Medicaid expansion promises timely economic boost for Alaska

According to a recent study, Alaska is either in a recession or on the brink of one. It's time for nonpartisan solutions, not time to play Russian roulette with the economy. Alaska will lose 4,000 jobs across the economy by September. Blocking a vote on a Medicaid expansion bill that's passed in Democratic and Republican states and would create 4,000 Alaska jobs isn't smart politics. The public supports it across party lines. But Republican legislative leaders decided to block this bill from House and Senate floor votes during 140 days of legislative session and special sessions.

I'd ask opponents to rethink their position to protect our economy. This bill is a no-cost way to help us get 4,000 new jobs, and $145 million in federal funds that will ripple through and help an economy sitting on a recessionary cliff.

The governor's bill would also create roughly $330 million in state budget savings over the next six years, to help with state deficits. How? Medicaid expansion and reform requires the federal government to pay all, or in some cases a higher percentage of Medicaid costs than the state currently covers. This savings estimate comes from Evergreen Economics, the consulting group most familiar with Alaska's Medicaid system. It's consistent with major budget savings in Republican and Democratic Medicaid expansion states, according to studies by the Robert Wood Johnson and Kaiser Family foundations.

Why didn't this bill pass? It was supported by every Democratic and independent legislator. It was supported by a governor who'd been a Republican before running as an independent. And it is supported by just enough Republicans that we have the votes to pass it. But GOP leaders said they won't allow a floor vote unless a majority of their own caucus members agree to support the bill. So, a nonpartisan bill stalled even though it had enough votes to pass.

No one disputes the jobs Medicaid expansion will bring. In the first year, Alaska will receive $145 million in additional federal funds that will bolster the economy, rising to roughly $200 million per year by 2020. According to Northern Economics, its midline estimate says Medicaid expansion will initially create roughly 1,500 jobs, and 4,000 by 2020. That was before Alaska Regional Hospital announced it would build a new clinic under Medicaid expansion because a clinic can treat insured people more cheaply than treating uninsured people in an emergency room. Other hospitals will likely follow suit. More jobs will follow.

Why do some legislators oppose this bill?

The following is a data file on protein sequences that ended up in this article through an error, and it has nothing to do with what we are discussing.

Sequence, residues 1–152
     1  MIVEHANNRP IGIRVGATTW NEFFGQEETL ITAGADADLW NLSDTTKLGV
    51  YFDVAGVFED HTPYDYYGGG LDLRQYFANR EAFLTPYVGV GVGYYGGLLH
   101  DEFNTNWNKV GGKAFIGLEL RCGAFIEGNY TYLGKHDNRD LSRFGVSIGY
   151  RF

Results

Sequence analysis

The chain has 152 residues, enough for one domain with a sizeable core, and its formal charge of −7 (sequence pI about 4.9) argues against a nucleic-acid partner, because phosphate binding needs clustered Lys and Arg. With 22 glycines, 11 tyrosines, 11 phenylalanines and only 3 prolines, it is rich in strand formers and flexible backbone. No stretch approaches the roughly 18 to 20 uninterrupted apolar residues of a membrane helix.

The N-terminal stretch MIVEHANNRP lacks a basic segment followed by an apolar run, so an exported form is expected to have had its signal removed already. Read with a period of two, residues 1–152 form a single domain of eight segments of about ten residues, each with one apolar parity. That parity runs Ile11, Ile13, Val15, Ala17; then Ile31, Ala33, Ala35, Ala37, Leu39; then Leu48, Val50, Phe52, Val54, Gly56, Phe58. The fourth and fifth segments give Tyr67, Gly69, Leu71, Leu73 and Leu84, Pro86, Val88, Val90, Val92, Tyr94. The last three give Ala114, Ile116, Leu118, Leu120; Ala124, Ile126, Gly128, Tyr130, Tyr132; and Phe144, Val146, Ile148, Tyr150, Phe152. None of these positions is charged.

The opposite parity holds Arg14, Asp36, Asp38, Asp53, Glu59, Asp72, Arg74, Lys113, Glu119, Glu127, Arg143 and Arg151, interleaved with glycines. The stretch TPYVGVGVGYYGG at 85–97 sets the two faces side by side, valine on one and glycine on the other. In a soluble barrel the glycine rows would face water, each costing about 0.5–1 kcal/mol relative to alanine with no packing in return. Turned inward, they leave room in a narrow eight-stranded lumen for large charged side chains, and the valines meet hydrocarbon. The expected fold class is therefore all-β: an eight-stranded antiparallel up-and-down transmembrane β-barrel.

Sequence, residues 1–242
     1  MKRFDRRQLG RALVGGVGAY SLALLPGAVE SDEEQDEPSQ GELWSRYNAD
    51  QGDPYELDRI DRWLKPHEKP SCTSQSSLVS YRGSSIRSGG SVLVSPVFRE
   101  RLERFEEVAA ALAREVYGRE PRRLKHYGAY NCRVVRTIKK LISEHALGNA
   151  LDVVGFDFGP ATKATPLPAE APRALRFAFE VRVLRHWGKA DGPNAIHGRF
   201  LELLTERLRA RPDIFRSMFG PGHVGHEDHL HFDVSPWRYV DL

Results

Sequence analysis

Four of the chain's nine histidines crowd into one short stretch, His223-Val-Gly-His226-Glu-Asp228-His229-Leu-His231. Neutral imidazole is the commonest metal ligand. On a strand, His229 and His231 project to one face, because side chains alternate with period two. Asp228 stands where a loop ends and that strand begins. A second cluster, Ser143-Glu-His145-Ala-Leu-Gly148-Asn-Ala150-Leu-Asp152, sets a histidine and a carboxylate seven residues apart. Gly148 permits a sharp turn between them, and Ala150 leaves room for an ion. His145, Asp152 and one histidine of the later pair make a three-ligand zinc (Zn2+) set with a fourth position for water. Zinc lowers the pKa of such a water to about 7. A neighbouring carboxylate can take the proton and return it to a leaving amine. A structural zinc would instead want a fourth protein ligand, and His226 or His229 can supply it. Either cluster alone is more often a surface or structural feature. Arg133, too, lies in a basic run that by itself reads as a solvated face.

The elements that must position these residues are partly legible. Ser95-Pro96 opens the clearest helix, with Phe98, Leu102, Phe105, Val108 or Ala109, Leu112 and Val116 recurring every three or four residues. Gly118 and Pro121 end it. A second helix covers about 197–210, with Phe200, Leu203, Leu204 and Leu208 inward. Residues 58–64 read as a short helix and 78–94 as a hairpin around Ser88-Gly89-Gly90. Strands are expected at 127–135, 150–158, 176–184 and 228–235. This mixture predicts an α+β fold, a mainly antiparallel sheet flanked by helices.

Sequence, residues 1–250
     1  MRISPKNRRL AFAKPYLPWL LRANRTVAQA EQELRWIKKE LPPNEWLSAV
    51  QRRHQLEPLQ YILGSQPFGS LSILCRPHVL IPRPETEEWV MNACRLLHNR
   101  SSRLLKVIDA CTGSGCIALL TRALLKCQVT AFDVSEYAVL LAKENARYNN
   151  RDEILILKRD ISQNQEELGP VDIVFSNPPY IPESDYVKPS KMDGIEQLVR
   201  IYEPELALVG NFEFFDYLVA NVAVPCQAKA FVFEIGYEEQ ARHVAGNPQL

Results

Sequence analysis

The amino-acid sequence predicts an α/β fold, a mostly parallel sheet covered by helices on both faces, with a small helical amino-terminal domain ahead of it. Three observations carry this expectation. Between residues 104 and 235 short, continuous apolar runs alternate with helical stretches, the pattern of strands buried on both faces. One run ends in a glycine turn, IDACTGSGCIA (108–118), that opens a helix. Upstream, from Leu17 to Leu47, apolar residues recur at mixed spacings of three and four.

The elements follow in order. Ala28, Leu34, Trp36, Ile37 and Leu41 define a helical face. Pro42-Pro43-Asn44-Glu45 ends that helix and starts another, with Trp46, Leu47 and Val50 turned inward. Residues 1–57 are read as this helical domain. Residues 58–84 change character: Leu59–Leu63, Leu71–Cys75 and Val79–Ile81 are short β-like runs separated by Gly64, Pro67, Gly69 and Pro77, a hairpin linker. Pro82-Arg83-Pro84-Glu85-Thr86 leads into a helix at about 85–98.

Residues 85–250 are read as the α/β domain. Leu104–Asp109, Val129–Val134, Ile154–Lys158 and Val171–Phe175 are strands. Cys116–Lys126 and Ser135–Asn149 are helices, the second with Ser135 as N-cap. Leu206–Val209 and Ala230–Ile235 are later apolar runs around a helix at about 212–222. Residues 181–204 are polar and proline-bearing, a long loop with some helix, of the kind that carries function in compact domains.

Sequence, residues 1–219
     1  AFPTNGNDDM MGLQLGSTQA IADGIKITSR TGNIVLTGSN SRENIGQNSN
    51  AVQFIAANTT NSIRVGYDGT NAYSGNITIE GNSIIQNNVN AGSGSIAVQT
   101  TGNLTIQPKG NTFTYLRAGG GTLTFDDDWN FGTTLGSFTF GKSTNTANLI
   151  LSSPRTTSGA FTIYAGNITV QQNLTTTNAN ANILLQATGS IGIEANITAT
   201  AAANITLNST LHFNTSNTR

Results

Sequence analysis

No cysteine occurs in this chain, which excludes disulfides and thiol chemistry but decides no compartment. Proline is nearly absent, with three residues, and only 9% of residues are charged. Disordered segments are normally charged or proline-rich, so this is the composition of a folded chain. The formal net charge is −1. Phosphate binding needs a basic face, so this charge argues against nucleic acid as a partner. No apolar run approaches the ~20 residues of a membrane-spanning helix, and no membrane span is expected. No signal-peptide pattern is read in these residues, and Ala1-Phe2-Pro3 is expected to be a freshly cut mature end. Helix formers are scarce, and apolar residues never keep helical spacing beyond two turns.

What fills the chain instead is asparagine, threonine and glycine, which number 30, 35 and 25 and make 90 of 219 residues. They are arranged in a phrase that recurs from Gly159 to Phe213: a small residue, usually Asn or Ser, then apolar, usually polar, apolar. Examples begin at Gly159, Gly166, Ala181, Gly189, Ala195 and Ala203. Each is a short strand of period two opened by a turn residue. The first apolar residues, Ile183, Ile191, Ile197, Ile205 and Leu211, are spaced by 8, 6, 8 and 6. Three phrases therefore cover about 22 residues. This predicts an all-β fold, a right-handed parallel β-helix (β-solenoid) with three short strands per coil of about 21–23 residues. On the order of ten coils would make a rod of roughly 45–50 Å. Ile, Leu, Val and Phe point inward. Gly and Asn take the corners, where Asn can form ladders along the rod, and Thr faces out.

Some doubt the state and national studies showing budget savings. But in over 30 legislative hearings this year, Gov. Bill Walker's administration made its case.


Opponents also point to a flawed claims payment system Xerox sold the Parnell administration. Under that administration the system paid out claims poorly, harming many medical providers. When the Walker administration came in, it continued prior repair work at a furious pace to fix the Xerox system, which now pays at over 90 percent accuracy during the first billing submission. Opponents say that's less than 100 percent. But they fail to note that for claims the Xerox system doesn't pay accurately, a phone call from a provider results in 100 percent of claims being paid by the next or following month. The state is still successfully forcing Xerox to improve this system through litigation. Alaska hasn't retroactively corrected all Parnell-era claims mangled by Xerox. It's working to do that. But the system can now pay new claims under Medicaid expansion.

Finally, some argue the administration just hired its own consultant, and must not have yet analyzed whether to accept Medicaid expansion. That consultant is being hired, not to analyze whether accepting Medicaid expansion and reform is desirable, but to help implement Medicaid expansion rules that will work best here.

Legislators should tell the governor they'll pass this bill during a quick special session. That's smarter than telling him to accept the cost and delay of litigation that will come if he implements it without legislative approval. Improving the economy by getting people medical care is the right thing to do.

Rep. Les Gara, D-Anchorage, is a member of the House Finance Committee. He has served in the state House since 2003.

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